Growth and business success also need to be increasingly aligned with responsible consumerism. The world is awake to businesses selling to make a fast buck. People are demanding that consumers, and their mental health, be considered in how they are sold to (a trend we call “consumer” social responsibility).

Complementing this more thoughtful approach to commerce, there is also a sense of us driving towards a more equitable future, where connectivity and commerce are more accessible to all – a trend we define as “altruistic data distribution”.

More channels, more problems

There are, of course, a number of trends which reflect the challenges (and opportunities) of omnichannel commerce and the rise of new channels.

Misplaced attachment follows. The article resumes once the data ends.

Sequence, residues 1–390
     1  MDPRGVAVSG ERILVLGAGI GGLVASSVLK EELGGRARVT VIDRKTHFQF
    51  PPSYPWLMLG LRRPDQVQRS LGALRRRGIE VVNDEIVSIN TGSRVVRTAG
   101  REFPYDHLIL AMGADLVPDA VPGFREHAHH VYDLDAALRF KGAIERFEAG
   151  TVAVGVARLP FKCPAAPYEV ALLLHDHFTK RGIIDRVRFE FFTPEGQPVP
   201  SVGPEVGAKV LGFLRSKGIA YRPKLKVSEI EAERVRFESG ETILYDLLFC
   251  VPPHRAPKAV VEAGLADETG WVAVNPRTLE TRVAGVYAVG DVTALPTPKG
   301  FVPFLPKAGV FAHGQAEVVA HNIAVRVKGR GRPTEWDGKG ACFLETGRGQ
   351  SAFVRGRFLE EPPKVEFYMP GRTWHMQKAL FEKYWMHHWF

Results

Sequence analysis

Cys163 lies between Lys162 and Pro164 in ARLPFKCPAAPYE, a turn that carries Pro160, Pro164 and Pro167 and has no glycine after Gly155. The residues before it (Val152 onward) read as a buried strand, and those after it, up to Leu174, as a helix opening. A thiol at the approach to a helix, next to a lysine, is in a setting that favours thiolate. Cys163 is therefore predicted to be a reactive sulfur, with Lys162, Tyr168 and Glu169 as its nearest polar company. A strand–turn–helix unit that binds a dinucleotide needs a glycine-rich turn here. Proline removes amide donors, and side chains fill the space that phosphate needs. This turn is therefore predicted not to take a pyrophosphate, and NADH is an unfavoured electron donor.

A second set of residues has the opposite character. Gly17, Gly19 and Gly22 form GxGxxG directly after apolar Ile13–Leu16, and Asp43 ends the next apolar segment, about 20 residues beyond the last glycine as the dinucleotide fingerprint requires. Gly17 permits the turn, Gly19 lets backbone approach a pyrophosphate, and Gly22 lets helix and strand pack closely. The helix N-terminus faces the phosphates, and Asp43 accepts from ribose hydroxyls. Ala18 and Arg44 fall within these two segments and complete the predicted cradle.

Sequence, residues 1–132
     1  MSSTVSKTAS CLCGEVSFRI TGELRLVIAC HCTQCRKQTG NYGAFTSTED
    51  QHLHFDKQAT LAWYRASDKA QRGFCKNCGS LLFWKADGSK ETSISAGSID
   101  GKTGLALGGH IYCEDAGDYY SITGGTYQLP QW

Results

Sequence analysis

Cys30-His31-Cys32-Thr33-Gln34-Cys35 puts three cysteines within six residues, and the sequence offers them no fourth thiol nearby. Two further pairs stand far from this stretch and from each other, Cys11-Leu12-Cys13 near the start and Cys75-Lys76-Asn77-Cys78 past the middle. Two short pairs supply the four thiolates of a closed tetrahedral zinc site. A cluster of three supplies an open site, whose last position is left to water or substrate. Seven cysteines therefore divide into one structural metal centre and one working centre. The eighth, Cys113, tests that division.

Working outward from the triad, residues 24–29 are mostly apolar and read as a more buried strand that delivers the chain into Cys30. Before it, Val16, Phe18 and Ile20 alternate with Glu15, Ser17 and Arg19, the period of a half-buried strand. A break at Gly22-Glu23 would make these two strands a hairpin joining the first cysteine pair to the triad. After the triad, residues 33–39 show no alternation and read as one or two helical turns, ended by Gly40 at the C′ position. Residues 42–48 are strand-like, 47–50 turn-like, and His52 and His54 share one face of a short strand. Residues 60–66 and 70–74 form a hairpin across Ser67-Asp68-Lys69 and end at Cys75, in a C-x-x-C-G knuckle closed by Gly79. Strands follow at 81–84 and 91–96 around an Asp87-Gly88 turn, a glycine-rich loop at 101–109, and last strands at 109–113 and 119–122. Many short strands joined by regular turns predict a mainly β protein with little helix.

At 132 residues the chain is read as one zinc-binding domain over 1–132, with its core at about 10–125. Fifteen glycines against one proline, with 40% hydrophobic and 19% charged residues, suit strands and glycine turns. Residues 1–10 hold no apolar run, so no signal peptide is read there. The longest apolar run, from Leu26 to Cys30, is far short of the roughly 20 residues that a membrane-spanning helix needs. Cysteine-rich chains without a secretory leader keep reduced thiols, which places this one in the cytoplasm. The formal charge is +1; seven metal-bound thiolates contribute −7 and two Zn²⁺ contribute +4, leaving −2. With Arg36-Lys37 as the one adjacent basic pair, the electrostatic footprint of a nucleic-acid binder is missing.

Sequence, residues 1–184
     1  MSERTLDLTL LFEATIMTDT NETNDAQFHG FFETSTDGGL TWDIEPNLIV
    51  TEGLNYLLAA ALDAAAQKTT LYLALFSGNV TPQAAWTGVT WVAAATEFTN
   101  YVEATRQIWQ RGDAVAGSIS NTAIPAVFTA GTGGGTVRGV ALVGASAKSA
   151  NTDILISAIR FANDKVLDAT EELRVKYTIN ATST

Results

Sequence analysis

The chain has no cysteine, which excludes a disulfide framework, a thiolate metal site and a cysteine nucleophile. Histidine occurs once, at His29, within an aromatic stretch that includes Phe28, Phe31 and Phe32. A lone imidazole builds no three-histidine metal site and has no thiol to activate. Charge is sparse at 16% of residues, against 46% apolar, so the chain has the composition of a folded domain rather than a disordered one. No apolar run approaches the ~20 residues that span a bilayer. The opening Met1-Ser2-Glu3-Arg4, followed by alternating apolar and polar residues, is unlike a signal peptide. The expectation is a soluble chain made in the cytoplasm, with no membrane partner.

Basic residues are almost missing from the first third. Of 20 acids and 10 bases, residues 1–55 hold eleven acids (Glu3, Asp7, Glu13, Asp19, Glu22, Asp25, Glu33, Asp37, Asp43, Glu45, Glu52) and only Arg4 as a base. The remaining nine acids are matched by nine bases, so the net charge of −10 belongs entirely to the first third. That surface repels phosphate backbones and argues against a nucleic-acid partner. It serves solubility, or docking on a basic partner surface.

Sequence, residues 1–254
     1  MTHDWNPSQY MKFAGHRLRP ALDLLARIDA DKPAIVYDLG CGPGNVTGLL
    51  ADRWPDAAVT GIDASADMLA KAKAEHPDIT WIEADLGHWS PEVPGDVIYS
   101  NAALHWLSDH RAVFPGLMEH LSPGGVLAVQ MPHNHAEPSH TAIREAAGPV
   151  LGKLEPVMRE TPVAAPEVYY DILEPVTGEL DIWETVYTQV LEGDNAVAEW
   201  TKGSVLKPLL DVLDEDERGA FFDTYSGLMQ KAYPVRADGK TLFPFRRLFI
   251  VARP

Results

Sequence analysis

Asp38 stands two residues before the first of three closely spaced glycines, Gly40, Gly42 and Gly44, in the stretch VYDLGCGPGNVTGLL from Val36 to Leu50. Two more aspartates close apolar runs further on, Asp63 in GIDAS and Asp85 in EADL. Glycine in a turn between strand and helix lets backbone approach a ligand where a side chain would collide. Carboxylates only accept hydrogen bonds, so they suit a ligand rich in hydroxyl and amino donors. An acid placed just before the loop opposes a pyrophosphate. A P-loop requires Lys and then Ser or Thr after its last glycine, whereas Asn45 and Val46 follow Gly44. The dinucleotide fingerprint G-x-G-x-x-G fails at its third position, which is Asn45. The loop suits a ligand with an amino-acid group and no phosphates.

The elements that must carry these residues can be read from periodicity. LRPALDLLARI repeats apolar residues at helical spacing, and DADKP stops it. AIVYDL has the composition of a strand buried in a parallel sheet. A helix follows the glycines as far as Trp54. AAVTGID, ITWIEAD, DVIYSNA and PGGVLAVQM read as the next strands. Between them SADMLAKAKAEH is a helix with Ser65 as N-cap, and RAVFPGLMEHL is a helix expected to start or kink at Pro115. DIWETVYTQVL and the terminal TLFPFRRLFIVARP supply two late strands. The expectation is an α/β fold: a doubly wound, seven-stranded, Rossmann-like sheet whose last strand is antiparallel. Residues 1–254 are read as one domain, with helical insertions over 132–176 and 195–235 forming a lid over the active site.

Our data tells us that almost half of business leaders believe that there are simply too many channels to effectively sell through. This is worrying, especially given the rise of channels like social commerce, voice and even the metaverse, which may not yet be fully formed, but which do require strategic attention.

At the same time, the fear of missing out (FOMO) must not drive strategic decision-making, and while plans need to be made for these channels, businesses must use discretion and intelligence when deciding which channels to invest in, rather than jumping on the latest marketing bandwagon.

The role of artificial intelligence

Another theme that looms large is, of course, artificial intelligence (AI) – be that in managing brand and content supply chain through curative AI or the creation of “digital life records”, and the impact of what we sell to whom.